2014 Mets Projection: Curtis Granderson, LF

An article by posted on April 2, 2014 0 Comments

USATSI curtis granderson

Opening Day has come and gone, but there is always time for another projection. While I didn’t get to finish this series, I had written the majority of the Curtis Granderson projection, so I just decided to finish is and publish. Enjoy.

The Mets made an enormous splash this offseason, spending the most money on a single free agent since Jason Bay, inking outfielder Curtis Granderson to a four-year, $60 million contract.

The 33 year-old posted a career worst 97 wRC+ in an injury-plagued 2013 season with the Yankees. Playing only 61 games, Granderson battled a broken pinky and broken forearm, both caused by being hit by pitches. However, the Mets signed him because of his previous track record, which includes two consecutive seasons with 40 or more home runs in 2011 and 2012 as well as three seasons with at least 20 home runs and 20 stolen bases.

It’s unrealistic to expect Granderson to repeat his 40 home run totals of two and three years ago, but in a full season, he can certainly be a well above-average hitter, even in the pitcher-friendly Citi Field. In Yankee Stadium, as a lefty hitter, he thrived. However, he still managed to hit for power on the road as well, hitting 17 road home runs in 2012 and 20 in 2011. Although his home run per fly ball ratios were higher in Yankee Stadium, a sign the park was benefiting him, he still managed to hit for power on the road.

Looking back at Granderon’s career, it’s more realistic to expect the kind of numbers that Granderson put up with the Tigers, albeit with a lower batting average. In terms of overall value, that means somewhere around 3 wins above replacament. That’s not fantastic, but it’s certainly significantly above average and with one win above replacement going for somewhere between $6 million and $7 million, that would definitely make Granderson more than worth the money.

For this season, most of the projection systems have Granderson somewhere between two and three wins above replacement. For the most part, they have Granderson near or below zero in terms of runs on defense, which will probably change due to moving to left field. His defensive numbers in center field have fallen in recent years along with his speed, but moving to a less demanding left field with a defensive whiz in Juan Lagares next to him (or even Chris Young), his defensive numbers should be positive. The projections are all pessimistic about his playing time, which also skews the numbers, but even the ZiPS creator admitted that himself. With a positive WAR, more playing time will add more overall value to Granderson’s season.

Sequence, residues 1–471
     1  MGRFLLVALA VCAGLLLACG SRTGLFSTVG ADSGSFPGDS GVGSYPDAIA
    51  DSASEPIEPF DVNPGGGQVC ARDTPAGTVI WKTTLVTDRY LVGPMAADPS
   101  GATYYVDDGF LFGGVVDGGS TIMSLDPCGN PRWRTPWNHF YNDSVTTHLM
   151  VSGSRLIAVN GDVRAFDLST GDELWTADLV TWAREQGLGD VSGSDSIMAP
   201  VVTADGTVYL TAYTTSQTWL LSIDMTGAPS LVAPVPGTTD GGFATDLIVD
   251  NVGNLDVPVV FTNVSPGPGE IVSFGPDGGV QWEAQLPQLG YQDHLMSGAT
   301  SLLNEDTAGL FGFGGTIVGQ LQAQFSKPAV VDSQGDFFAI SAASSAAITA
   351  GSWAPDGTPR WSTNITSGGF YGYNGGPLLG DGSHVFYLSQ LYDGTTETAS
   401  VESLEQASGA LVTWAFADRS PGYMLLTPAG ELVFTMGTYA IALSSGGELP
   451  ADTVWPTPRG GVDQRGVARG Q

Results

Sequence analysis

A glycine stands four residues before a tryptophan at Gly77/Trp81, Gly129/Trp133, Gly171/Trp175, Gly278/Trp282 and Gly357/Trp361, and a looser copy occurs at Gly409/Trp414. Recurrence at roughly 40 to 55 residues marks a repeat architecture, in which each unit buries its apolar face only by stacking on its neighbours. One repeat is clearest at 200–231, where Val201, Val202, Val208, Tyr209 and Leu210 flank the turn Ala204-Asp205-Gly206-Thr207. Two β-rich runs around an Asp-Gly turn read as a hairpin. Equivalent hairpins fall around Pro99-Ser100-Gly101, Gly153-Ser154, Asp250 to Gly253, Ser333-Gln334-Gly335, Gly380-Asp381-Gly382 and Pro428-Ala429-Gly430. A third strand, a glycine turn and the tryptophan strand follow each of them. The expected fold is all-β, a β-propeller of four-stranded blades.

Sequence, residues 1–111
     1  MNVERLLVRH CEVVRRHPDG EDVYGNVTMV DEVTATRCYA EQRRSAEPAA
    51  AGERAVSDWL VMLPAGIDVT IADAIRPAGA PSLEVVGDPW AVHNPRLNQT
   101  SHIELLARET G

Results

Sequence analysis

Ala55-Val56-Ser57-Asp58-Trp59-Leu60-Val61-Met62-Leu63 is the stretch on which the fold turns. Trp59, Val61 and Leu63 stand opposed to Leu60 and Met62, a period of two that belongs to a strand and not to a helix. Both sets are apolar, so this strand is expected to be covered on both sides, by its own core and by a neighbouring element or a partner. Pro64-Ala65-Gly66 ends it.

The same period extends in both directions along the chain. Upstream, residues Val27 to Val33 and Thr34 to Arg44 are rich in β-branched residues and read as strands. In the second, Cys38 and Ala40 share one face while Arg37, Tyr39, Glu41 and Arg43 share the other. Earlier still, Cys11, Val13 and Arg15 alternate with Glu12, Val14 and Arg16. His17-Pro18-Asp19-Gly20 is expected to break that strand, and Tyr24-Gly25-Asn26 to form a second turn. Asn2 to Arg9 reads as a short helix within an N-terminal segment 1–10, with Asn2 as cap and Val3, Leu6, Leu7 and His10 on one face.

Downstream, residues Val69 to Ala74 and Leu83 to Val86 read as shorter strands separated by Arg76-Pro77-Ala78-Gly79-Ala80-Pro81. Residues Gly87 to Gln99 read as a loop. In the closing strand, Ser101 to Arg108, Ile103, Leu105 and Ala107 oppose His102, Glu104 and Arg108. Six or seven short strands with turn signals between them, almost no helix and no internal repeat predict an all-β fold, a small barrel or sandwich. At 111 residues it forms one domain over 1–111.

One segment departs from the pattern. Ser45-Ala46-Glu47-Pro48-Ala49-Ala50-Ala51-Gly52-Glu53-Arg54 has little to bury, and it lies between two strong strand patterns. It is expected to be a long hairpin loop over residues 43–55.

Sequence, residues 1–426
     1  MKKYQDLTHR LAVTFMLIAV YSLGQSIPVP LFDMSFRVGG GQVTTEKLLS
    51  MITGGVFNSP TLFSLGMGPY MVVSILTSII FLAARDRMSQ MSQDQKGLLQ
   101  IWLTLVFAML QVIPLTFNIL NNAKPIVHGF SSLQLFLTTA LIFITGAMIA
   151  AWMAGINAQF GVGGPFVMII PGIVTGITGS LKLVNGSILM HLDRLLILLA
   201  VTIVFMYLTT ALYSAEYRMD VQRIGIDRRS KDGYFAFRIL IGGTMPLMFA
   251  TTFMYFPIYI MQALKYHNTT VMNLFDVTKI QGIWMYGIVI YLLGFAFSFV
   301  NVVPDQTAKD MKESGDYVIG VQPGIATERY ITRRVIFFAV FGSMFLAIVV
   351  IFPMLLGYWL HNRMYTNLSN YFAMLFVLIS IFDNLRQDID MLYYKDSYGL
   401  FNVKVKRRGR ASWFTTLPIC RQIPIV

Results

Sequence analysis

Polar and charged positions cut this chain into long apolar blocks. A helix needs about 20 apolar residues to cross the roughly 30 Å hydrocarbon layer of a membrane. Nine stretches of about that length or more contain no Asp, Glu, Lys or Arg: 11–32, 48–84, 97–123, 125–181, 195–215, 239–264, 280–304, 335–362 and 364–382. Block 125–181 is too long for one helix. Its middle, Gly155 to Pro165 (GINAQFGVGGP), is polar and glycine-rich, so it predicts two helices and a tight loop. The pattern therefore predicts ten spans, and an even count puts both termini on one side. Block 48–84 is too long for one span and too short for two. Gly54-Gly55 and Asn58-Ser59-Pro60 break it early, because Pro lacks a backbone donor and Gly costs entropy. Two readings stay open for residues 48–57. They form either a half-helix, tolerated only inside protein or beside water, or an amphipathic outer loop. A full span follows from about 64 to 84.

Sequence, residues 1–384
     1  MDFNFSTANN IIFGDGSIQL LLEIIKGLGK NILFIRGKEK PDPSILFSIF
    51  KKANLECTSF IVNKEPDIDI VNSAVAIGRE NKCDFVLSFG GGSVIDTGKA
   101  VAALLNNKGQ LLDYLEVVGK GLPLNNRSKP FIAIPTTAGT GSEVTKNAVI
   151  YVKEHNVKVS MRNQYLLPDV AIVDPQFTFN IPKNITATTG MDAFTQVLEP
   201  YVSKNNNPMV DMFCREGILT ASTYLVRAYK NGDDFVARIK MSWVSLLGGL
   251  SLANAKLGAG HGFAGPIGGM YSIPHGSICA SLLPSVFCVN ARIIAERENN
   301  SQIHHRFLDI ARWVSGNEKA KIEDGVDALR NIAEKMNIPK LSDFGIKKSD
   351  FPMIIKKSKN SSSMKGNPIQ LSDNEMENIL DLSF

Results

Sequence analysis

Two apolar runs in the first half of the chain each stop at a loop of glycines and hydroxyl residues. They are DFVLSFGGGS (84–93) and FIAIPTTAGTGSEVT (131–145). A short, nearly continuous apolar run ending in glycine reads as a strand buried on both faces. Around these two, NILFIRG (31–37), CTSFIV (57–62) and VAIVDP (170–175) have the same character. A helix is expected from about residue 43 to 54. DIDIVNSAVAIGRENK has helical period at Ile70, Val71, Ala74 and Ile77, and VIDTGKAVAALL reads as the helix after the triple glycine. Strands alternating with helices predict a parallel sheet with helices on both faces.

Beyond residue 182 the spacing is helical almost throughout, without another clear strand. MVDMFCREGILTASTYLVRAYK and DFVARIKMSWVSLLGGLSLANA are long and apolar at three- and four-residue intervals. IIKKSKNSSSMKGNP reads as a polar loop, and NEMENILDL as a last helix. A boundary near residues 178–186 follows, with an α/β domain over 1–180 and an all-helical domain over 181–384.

Here is what the projections have for him:

grandy projections

Oddly enough, it’s ZiPS, the Debbie Downer of projection systems that has Granderson playing the best and having the highest fWAR, despite playing the least amount of time. Again, it’s important to recognize sample sizes in this. Adjusting to 650 plate appearances, Granderson hits 26, 21, and 27 home runs according to each projection. His fWAR would also come out to 1.6, 2.2, and 3.0 respectively. I’m willing to take the over in each of these categories. The projection systems see two injuries from Granderson, specifically hand injuries, and may adjust not only sample size, but also quality of the numbers, depending on the injury. That, and I’m just optimistic that the Mets lineup will get him more plate appearances than expected with an improved lineup.

Overall, Granderson is definitely not in his prime years, but with the position the Mets are putting him in, he is more likely to age rather gracefully. The 33 year-old still has power and, despite two freak injuries last season, is poised to have a quality 2014 season.

2014 Projection

.235/.325/.520, 28 HR, 11.0 BB%, 27.5 K%, 10 SB, 3.0 fWAR

About the Author ()

Connor O'Brien is a 17 year-old high school student and lifelong Mets fan. He embraces a sabermetric point of view in his articles, but also recognizes the importance of scouting, player development, and the immeasurable aspects of baseball. Follow him on Twitter @UpAlongFirst